“But (Renaissance artist) Fra Angelica could have said the same thing during the Black Plague. And Shakespeare, the same thing. Why did these people create and write? So it was kind of a trap that we were led to believe that beauty is no longer relevant because modernism has made it irrelevant.
“There is a world view that you have to destroy to be honest. I never felt that it captured the whole truth, and it was a kind of escapist notion of reality. It wasn’t honest enough. (Artists) talk about honesty, being courageous enough to face reality, but it wasn’t courageous enough.”
The move also eventually generated some changes in Fujimura’s personal life. He recently married lawyer Haejin Shim, principal of Shim & Associates, based in New York City and Fort Lee, and CEO of Embers International, a nonprofit devoted to breaking intergenerational cycles of exploitation, including human trafficking.
Professionally, Sojourner notes, “Today, Fujimura is the most successful serious artist of openly evangelical faith in the U.S., and probably in the world. His larger paintings sell for up to $400,000 and defy the secular art establishment’s unspoken commandment: Thou shalt not reward an artist who claims explicit Christian inspiration.”
In addition to his work as an artist and writer, Fujimura launched two initiatives.
One is the International Arts Movement (IAM), which, according to its website, “creates a new paradigm by lovingly tending to cultural soil and caring for artists as pollinators of the good, true, and beautiful.”
He says IAM was founded in the 1990s when he was exhibiting in Japan and felt isolated as an artist and as a follower of Christ from people who would talk about art and faith. “I launched it just by faith and here we are 20 years later. I released a movement but refused to create an institutional structure. It is kind of self-perpetuating. People come and go. They could be curators and businessmen, they could be anything, but they somehow create communities and conversations and collaborations and it has continued.”
The other organization is the Fujimura Institute “to honor my father” and involves a network of scholars and supports a fellows program and activities that “stress integration of disciplines and ask why culture care is needed.” The term “culture care” comes from the title of his 2017 book that calls for cultural stewardship.
After a short walk from the artist’s house to studio, he points to two sets of works for his upcoming New York City shows.
The first is opening on September 20 at the Chelsea High Line Gallery, and commemorates the 20th anniversary of 9/11 and will feature works that “will deal with trauma.” In addition to the attack on New York City, the exhibition will also include the Columbine shootings and the current pandemic. The second show in December, he says, will be aimed toward the future.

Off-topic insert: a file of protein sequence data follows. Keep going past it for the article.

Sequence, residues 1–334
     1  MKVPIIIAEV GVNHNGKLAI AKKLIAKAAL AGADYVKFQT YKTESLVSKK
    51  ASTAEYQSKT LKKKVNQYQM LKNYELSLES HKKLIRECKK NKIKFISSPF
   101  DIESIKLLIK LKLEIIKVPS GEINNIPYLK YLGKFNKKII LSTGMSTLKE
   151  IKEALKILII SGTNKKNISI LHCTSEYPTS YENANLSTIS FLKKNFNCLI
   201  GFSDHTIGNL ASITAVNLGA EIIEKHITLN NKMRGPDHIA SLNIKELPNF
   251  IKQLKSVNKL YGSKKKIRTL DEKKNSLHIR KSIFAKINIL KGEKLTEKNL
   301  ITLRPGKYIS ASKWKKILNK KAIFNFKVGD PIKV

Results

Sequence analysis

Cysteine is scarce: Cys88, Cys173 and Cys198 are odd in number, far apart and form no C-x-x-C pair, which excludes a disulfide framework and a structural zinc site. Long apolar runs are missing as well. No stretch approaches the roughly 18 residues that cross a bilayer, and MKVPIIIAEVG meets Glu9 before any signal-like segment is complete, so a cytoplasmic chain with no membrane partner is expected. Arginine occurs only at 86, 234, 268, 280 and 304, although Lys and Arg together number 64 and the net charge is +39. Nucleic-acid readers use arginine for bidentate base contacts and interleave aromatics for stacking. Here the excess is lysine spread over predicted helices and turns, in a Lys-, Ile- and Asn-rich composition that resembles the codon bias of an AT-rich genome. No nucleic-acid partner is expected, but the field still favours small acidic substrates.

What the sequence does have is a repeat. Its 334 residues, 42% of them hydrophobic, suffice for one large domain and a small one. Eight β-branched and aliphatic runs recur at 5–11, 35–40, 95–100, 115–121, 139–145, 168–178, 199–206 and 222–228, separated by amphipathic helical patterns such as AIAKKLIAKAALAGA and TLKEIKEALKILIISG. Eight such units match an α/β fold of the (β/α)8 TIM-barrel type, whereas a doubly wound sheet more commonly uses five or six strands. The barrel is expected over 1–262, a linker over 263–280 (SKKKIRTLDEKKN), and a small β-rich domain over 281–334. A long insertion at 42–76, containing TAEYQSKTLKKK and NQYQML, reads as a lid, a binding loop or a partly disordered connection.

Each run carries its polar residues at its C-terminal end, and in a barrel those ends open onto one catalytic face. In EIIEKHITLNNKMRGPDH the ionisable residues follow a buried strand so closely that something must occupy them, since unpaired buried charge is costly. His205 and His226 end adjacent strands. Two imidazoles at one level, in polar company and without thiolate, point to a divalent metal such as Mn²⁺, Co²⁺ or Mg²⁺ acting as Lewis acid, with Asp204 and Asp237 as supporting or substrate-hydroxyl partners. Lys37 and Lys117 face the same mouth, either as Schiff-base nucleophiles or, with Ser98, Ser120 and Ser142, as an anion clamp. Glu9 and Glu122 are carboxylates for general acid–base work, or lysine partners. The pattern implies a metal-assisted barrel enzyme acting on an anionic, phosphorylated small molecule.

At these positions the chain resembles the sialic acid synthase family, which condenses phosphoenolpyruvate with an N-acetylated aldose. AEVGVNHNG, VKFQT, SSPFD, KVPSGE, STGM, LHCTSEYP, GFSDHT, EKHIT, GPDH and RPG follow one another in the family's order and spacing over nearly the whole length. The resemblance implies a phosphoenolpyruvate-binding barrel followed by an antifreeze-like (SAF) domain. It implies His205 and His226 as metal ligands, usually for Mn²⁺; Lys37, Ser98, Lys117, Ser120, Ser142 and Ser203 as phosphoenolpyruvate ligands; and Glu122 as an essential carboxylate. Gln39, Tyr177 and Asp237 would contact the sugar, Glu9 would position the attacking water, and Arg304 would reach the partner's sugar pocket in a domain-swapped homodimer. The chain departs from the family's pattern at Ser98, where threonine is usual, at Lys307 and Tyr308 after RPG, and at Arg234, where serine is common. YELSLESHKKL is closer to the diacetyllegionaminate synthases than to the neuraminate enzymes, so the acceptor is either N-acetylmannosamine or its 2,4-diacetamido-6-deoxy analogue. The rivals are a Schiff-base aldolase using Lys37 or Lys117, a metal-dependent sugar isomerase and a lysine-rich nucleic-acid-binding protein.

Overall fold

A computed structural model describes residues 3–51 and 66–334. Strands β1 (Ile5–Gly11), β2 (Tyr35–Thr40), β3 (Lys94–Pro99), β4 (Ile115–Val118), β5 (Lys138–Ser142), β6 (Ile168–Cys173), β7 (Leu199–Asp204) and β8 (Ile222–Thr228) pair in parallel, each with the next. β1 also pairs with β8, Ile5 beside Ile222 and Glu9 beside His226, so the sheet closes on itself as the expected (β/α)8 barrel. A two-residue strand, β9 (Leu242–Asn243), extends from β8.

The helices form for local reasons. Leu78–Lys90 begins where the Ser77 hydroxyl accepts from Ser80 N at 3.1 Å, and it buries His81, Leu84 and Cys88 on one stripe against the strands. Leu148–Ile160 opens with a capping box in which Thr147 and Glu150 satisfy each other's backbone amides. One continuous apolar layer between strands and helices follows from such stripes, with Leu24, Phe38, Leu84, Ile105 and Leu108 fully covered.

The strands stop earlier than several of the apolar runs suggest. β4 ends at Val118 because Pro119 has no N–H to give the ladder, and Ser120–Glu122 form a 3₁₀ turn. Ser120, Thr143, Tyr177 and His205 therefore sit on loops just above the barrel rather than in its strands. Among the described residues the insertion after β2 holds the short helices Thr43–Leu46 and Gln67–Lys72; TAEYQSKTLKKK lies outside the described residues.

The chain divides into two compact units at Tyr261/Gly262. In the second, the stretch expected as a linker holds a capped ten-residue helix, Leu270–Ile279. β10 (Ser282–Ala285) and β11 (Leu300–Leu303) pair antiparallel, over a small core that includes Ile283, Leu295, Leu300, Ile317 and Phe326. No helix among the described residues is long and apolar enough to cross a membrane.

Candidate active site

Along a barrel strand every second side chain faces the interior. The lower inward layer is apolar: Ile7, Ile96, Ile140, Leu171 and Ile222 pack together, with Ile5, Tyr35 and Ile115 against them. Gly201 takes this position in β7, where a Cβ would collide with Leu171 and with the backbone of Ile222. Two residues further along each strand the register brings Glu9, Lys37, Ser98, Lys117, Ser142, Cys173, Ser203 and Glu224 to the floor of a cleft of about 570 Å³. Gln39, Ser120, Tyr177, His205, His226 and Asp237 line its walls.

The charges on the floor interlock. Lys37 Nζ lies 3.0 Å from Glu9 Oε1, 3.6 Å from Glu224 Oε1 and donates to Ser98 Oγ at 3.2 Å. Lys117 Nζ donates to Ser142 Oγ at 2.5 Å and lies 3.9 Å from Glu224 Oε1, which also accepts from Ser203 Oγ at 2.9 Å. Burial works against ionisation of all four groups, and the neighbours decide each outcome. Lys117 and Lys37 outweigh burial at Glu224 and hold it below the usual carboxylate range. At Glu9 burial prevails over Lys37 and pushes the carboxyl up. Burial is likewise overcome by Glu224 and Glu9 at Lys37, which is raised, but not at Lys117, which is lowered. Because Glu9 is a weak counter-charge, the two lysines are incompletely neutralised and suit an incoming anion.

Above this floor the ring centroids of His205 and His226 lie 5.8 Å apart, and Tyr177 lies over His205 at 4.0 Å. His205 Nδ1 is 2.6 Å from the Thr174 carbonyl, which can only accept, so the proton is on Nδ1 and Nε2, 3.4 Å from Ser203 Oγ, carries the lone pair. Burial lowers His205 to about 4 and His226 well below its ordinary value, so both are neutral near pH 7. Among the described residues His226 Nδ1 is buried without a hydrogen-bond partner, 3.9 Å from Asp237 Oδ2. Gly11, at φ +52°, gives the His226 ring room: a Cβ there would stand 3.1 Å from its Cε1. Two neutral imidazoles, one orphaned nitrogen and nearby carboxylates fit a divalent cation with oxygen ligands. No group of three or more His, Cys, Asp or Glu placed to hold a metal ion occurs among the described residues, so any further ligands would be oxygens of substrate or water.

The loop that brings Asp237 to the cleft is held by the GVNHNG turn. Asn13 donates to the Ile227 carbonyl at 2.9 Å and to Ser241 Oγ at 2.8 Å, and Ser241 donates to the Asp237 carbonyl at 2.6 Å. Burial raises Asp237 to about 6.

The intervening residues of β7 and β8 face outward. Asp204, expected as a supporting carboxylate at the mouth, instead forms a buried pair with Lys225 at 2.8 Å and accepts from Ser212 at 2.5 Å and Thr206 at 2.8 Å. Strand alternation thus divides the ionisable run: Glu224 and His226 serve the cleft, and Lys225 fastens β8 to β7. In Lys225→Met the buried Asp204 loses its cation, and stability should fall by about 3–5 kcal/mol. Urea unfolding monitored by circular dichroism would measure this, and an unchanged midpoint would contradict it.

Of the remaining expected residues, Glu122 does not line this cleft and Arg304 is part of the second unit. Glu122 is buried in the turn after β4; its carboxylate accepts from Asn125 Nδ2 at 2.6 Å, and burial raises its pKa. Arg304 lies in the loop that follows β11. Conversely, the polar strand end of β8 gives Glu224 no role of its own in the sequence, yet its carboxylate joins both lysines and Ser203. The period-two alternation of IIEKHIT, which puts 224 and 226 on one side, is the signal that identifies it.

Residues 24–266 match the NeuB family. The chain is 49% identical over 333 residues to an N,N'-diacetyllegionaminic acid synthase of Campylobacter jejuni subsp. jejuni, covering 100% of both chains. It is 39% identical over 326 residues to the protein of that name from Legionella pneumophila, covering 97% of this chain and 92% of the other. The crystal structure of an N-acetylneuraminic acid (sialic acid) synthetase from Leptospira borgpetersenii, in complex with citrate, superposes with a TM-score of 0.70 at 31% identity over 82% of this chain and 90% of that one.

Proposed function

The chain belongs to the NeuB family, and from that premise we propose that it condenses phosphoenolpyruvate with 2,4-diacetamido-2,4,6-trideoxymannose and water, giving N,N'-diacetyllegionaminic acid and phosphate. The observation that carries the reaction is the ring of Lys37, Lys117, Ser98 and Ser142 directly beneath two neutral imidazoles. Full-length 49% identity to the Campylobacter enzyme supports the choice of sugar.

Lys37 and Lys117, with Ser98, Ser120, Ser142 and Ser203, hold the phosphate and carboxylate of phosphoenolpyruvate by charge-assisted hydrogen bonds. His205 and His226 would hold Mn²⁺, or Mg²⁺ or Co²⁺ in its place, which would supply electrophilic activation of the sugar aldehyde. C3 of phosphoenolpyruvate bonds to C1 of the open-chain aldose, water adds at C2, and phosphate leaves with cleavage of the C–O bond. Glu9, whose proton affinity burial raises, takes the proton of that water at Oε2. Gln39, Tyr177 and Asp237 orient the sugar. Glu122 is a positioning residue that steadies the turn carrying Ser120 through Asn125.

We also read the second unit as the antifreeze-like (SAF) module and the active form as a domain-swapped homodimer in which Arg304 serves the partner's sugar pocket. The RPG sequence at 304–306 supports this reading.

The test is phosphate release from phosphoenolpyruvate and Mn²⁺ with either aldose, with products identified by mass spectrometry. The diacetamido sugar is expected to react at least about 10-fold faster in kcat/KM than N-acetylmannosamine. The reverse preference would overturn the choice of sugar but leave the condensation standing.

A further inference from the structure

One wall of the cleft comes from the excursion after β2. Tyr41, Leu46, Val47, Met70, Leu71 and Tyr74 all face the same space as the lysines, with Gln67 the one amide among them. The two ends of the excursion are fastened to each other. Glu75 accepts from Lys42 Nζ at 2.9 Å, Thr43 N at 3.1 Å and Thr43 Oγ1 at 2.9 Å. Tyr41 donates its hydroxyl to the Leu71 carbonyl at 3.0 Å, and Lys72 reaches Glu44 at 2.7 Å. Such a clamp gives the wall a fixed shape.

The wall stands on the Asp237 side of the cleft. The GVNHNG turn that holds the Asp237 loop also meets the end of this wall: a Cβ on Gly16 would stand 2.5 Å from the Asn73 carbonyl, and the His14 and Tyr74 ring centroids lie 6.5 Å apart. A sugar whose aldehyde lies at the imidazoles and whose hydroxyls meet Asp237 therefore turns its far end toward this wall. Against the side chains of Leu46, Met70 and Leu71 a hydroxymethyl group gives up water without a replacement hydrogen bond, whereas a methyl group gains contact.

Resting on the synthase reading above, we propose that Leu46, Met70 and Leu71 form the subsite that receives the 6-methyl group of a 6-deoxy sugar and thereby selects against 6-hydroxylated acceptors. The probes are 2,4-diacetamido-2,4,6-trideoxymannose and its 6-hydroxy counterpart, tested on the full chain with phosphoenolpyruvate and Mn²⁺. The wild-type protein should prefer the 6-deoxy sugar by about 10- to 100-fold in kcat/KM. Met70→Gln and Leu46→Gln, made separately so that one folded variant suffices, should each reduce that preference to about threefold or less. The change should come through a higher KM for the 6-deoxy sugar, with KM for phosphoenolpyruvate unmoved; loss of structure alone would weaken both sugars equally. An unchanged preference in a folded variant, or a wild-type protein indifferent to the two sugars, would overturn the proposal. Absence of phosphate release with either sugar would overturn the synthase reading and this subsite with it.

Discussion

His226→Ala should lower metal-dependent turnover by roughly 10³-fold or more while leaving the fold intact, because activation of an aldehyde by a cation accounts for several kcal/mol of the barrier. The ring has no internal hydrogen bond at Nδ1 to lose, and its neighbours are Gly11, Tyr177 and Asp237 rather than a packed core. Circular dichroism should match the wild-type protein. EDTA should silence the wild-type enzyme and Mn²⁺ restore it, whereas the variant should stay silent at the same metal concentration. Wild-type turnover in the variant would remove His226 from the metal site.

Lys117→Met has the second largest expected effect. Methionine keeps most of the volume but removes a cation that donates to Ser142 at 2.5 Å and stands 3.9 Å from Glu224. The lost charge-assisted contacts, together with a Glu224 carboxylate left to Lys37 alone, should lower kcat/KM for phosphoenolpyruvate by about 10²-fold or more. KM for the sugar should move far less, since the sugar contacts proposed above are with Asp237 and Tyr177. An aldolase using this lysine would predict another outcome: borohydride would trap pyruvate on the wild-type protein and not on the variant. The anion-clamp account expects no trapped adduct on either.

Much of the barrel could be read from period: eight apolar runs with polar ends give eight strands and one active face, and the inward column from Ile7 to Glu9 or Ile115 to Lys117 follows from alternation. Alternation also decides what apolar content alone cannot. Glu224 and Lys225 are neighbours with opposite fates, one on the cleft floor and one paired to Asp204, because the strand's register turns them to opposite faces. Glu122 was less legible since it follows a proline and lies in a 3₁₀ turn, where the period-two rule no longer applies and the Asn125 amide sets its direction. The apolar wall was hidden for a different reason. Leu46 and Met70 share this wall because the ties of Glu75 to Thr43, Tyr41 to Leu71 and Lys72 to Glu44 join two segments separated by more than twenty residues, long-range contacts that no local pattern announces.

Currently, one doesn’t need to wait or travel to see Fujimura’s work. The artist created four sets of four-piece sanctuary panels for All Saints Church in Princeton. The pieces using traditional liturgical colors are rotated throughout the year to represent Advent, Easter, Pentecost, and the Trinity.
There are also the works at the Morpeth Contemporary in Hopewell.
Fujimura says he came across the “beautiful gallery” while visiting area antique shops, discovered Morpeth’s “really high level” of framing, and began to use the gallery’s service for New York shows.
Then during the pandemic shutdown, he and Morpeth began talking about showing his works there.
The show “Candid in May” serendipitously opened on May 8, the same day New Jersey Governor Murphy lifted state restrictions. It was extended and after the gallery’s summer break is currently reopening with additional works on view through August 31.
“The name comes from Emily Dickinson,” he says of the show. “It opens up in a way, something that connects to the deepest well and roots. I’m using traditional materials to reconnect. I had a lot of work I painted during the shutdown.”
Then sitting back in his chair at his home, he says that while he exhibits around the world, he is pleased to see his works in Hopewell.
“(This area) is my home. This is my neighborhood, so it’s important for me to supply beauty. And as private as I am, it is time that I should let people know that I exist.”
Makoto Fujimura’s “Candid in May,” Morpeth Contemporary, 43 West Broad Street, Hopewell. Through August 31, Wednesday through Saturday, 11 a.m. to 6 p.m., Sunday, noon to 5 p.m. Free. 609-333-9393 or www.morpethcontemporary.com.